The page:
IT was a pleasant day in October 1962. Barrister Ishtiaq Ahmed Abbasi was settling down for his sundowner when the watchman came charging in. “Sir,” he was quaking with fear from the news on the radio. “China has attacked Hindustan.” Unmoved by the intrusion into his quiet repast, Abbasi Sahib resolved the matter expeditiously. “Dekho, phaatak band kar do.” (Look here. Just shut the gate.)
Abbasi Sahib lived in a sprawling mansion across the road from the British-era governor’s palace in Lucknow. His wife, the celebrated thumri singer and movie actor Begum Akhtar, concealed her emotions, a trick she had learnt while performing for difficult patrons, primarily the royal courts of Jaipur and Hyderabad.
It was the masthead in the morning’s National Herald that expressed the enormity of the challenge on the ill-defined mountainous borders. “The nation is in peril. Defend it with all your might.” National Herald was Nehru’s newspaper and these were Nehru’s words, unusually positioned above the masthead to highlight the seriousness of the turn of events. Within the next couple of days — barring his sworn opponents — the nation was firmly standing behind the heartbroken prime minister.
I remember Amma going out with some women in our area to deposit jewellery in the government’s coffers. The women were not warmongers, but Nehru had asked for their help, and so it had to be given.
The metaphor of the gate to stop a foreign incursion was not Barrister Abbasi’s monopoly. The current prime minister sees himself as the gatekeeper of the nation on different fronts. And it is clearly considered a lapse on Nehru’s part too, that he didn’t (or couldn’t) keep India’s gate securely fastened when the Chinese troops came calling.
Nations have settled their most intractable borders by choice but also by duress. Where to stop and how much to give and what to take instead is tricky. Usually, the higher the strategic advantage one seeks in the bargain the lower is the trust quotient in the quest.
On can construct an idea of nationhood around historical facts or around glorious and necessarily spurious myths. It seems a quirk of unalloyed history though that as a north Indian one shares the national flag with the culturally and linguistically distant Naga people but not with Nepalis where one might be more at home. Put this apparent national anomaly to a slice of colonial history.
It has been claimed by Hindutva nationalists, on the other hand, that Nepal wanted to become part of India in the 1950s and that Nehru turned down the offer over fears of appearing to be an expansionist soon after gaining independence. I’m not privy to the facts here. But we do know that land was swapped recently with Bangladesh, suddenly changing the fortunes and the nationalist loyalties of those who were thus affected by this give and take in the border enclave. Goa and Sikkim were not part of the Indian struggle for independence.
The Sikh empire made their Dogra chieftain of Jammu in-charge of Kashmir. The Dogras expanded their empire on behalf of the Sikh rulers right up to the sacred Manasarovar Lake, now in Tibet, thus giving access to trade in cashmere wool. Hindus from India travel to Manasarovar and Mount Kailash on annual pilgrimages but after securing visas from the Chinese embassy in Delhi. They didn’t need this piece of paper earlier.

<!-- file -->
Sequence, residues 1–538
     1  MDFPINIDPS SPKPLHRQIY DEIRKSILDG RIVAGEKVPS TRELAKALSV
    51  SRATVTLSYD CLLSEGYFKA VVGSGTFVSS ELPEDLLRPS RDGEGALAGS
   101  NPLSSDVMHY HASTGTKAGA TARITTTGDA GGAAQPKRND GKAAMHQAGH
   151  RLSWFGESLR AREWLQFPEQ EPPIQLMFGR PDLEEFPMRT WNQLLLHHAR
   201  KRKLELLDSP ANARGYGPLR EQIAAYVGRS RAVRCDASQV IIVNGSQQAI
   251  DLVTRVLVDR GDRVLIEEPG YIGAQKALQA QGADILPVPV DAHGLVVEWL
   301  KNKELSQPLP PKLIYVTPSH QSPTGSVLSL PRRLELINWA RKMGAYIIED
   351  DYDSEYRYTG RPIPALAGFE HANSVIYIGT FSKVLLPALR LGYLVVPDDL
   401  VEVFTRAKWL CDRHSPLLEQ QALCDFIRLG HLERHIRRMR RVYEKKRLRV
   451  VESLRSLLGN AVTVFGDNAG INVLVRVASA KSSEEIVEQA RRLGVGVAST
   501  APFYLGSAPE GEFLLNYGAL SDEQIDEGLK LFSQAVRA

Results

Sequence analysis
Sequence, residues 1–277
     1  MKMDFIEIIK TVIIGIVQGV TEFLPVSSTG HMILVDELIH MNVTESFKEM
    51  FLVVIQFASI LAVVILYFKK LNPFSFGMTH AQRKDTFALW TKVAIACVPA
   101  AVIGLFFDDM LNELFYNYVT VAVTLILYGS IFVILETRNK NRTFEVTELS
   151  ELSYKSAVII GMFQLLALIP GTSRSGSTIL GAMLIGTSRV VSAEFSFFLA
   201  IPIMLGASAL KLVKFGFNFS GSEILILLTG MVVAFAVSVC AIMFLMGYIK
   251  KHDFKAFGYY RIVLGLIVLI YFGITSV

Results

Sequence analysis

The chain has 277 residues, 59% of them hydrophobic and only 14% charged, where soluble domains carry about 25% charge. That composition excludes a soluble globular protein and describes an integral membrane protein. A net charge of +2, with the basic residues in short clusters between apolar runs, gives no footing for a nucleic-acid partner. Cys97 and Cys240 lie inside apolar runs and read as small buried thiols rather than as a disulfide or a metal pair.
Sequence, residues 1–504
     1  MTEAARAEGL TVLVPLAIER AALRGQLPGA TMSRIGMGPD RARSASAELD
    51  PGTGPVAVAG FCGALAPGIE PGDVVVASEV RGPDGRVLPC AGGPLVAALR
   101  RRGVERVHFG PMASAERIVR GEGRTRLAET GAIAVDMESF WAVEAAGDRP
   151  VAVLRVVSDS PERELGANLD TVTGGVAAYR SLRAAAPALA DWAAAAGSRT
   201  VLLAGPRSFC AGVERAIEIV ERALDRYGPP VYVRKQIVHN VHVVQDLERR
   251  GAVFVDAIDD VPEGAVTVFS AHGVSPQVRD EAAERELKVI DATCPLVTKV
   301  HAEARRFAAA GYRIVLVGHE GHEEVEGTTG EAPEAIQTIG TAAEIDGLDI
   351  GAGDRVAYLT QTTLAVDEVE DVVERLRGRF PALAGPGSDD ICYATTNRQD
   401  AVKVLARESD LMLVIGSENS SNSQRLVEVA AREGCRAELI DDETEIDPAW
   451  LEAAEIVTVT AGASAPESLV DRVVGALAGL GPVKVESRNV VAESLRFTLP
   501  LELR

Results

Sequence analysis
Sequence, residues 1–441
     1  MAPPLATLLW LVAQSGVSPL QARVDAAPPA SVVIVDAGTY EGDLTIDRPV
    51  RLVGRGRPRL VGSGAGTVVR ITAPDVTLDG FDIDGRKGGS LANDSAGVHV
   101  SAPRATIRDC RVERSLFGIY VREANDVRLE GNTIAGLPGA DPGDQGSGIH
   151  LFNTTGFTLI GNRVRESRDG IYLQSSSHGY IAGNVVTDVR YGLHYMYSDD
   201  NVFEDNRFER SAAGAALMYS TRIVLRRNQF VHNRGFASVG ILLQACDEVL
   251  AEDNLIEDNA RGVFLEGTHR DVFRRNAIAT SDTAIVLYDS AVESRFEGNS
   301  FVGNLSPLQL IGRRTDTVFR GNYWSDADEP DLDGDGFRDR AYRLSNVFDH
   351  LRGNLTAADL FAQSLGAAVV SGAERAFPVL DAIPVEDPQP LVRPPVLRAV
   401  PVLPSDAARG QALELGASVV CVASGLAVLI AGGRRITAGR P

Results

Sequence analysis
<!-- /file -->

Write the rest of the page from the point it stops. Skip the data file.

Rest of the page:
It just so happened that the Dogra army was marooned in the killing winter of the Tibetan plateau. The Tibetans counterattacked but were stalled before they could reach Leh. Where should we draw the boundary? The British didn’t want Kashmir, much less any part of China or Tibet. They sought only to use both as independent buffers against a real or imagined southward expansion of the Russian empire, same quest as British adventures in Afghanistan.
The problem arises for charged-up nationalists while changing or demarcating the format of imaginary lines, which is what borders essentially are. In India’s case, Hindu nationalists imbue the nation with a spiritual dimension in the form of Bharat Mata, her head rising in the region of Jammu and Kashmir. These folks are mostly unaware that the instrument of accession cited by India shows Hari Singh as the Jammu & Kashmir Naresh & Tibbat Desh Adhipati — effectively, a ruler of Jammu and Kashmir and Tibet. Are we to then lay claim to Tibet?
Had Indian leaders been more forthcoming with the truth, and were willing to share the facts on the ground with the people, there would perhaps be a more informed polity than the mindless cacophony offered on India’s many TV channels.
Suppose the people were to be told as has been reliably claimed, that India’s ‘Iron Man’ Sardar Patel had pressed for a trade-off with Pakistan, handing over Kashmir for a peaceful merger of the Nizam’s Hyderabad to the new Indian state, would it lead to a better awareness of Indian history and of the events on the borders?
The current stand-off between India and China seems to have less to do with their border dispute, which stands as a dispute. The more informed Indian analysts do not see it as China’s land grab at all. China sought India as a critical partner in its Belt and Road Initiative, which would directly link it to Central Asia, a great alternative to the circuitous Iran port route through Afghanistan. The Chinese were, however, listening to the debate in the Indian parliament over the annexation of Jammu & Kashmir last year. The home minister said Aksai Chin was part of India. And there’s never a day when this or that TV channel doesn’t speak of capturing Gilgit-Baltistan from Pakistan, critical to China. Is it possible the Chinese have moved to close the gate — to be able to enjoy their sundowners, as Barrister Abbasi once did?
The writer is Dawn’s correspondent in Delhi.
Published in Dawn, June 16th, 2020